Job 41-42 Acts 16:22-40
“The police told the Roman officers what Paul said. When the officers heard that Paul and Silas were Roman citizens, they were afraid. So they came and told Paul and Silas they were sorry and took them out of jail and asked them to leave the city. So when they came out of the jail, they went to Lydia’s house where they saw some of the believers and encouraged them. Then they left.” (Acts 16:38-40 NCV)
Paul started a riot. I know, that doesn’t narrow down where he is very much. He started lots of riots. Well, not Paul, actually. The people who started the riots around Paul didn’t like his teaching. In some cases, it was because religious leaders thought they were losing power. In Philippi, it was all about the Benjamins. Paul had cast a demon out of a slave girl and the people who used that slave girl for profit got ticked and started the riot in motion. When the Roman soldiers asked who started it, the crowd pointed to Paul and Silas so they stripped them and beat them before throwing them in jail. Riot over. Problem solved. When things calmed down the next day, the magistrates sent word to let Paul and Silas go. Paul took umbrage at that and reminded the jailer, who had come to Christ earlier, that they, Roman citizens, had been beaten in public without a trial and now they weren’t going to just slink away. The soldiers were worried then! If word got back to Rome that they’d beaten Roman citizens without a trial… They came, apologized, and asked Paul and Silas to leave the city – which they did after encouraging the new believers in the city.
This story fascinates me every time I read it. The earthquake that opened prison doors, yet no one escaped. The jailer’s change of heart because of the Good News of salvation caused him to care about Paul and Silas as he treated their wounds. Then came the offer of freedom from jail that Paul rejected as offered. He knew they shouldn’t be in jail, yet they didn’t leave when the earthquake gave them an opportunity. When offered freedom by the ones who put him in jail, they wouldn’t leave because it showed a lack of respect and Paul invoked their citizenship to put the fear of God into them. Finally, the ones who put them in jail came personally to apologize and let them out the right way. Well, they did let Paul and Silas know that they should leave town. Paul and Silas left, but only after encouraging the believers at Lydia’s house. There are some important lessons here. The first is that following and obeying Christ may have financial implications. Paul, by rebuking that spirit, stopped the ill-gotten gains of those slave owners. Today’s modern slavery thrives by way of internet advertising and pornography. We need to support efforts to fight both and we need to find ways to lead people away from those types of sites. There are other money-making methods that are less than honorable and we as Christians need to be ready to denounce dishonorable profit when we see it happening. The second is that we should use our rights for a purpose. While we shouldn’t spend our lives demanding our rights, we should be ready to enforce them when it will help us spread the gospel as God calls us to. It was important for those leaders who put Paul and Silas into jail to realize that Roman citizens could follow the “Jewish gospel.” We should never be obnoxious, of course, but we should enforce our rights firmly when it will allow us to share the good news of Jesus with others. At the same time, we must be willing to give up our rights if doing that will allow us to share the love of Jesus.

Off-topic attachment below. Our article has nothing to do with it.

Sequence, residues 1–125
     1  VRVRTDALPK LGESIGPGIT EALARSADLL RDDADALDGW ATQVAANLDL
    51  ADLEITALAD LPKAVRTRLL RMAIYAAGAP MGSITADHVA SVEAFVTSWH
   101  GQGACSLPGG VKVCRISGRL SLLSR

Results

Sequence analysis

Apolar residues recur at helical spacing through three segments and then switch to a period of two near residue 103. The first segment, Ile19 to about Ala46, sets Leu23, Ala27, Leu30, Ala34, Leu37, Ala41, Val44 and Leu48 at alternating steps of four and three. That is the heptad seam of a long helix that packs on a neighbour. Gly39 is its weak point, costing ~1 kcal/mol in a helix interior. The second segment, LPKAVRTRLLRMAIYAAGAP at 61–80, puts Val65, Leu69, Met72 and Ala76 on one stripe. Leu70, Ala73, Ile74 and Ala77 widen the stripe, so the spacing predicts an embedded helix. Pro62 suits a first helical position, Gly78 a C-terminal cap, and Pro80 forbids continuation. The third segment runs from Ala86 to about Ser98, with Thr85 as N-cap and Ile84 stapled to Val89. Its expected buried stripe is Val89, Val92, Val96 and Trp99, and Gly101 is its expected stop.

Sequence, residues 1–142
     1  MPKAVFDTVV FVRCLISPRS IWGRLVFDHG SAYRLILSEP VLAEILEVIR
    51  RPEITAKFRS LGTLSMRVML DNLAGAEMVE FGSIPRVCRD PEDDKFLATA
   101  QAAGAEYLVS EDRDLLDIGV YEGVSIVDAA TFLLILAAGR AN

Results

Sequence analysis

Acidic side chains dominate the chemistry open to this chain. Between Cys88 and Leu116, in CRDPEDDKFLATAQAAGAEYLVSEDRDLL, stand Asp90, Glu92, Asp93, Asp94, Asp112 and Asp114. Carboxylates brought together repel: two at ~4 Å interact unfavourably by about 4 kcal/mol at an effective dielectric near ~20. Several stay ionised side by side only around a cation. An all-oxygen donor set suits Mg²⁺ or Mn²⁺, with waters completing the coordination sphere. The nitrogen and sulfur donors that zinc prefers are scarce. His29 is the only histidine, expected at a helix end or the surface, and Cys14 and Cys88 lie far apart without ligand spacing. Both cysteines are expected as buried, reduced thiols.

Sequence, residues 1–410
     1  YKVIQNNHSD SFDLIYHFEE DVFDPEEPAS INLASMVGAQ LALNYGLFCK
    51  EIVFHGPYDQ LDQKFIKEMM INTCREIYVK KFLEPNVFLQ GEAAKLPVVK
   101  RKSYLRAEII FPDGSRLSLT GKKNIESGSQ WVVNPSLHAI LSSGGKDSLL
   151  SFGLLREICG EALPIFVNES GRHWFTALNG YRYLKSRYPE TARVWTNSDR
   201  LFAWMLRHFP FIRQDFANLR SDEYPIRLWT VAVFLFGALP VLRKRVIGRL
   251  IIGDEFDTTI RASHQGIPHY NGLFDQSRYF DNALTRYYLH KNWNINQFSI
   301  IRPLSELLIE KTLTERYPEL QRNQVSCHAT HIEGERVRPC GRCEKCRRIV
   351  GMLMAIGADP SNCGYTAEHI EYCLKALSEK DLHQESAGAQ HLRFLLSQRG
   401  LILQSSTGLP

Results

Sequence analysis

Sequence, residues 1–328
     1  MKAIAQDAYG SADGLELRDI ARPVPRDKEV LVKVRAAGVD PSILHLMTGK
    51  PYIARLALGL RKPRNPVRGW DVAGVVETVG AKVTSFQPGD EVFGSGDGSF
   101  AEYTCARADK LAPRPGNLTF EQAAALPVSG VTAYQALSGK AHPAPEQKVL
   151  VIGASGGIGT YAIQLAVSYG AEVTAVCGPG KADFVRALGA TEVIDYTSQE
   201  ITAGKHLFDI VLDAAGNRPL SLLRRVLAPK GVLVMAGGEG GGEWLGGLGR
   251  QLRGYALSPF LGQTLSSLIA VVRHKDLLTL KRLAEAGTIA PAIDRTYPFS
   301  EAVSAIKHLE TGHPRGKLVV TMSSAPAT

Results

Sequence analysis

Lord, I live in a world where money has become a god. People judge each other over how much money the other person has. Remind me to speak out about Your views of money and possessions. Teach me to use my rights or surrender them in order to proclaim Your love and grace to others.
Scripture taken from the New Century Version®. Copyright © 2005 by Thomas Nelson. Used by permission. All rights reserved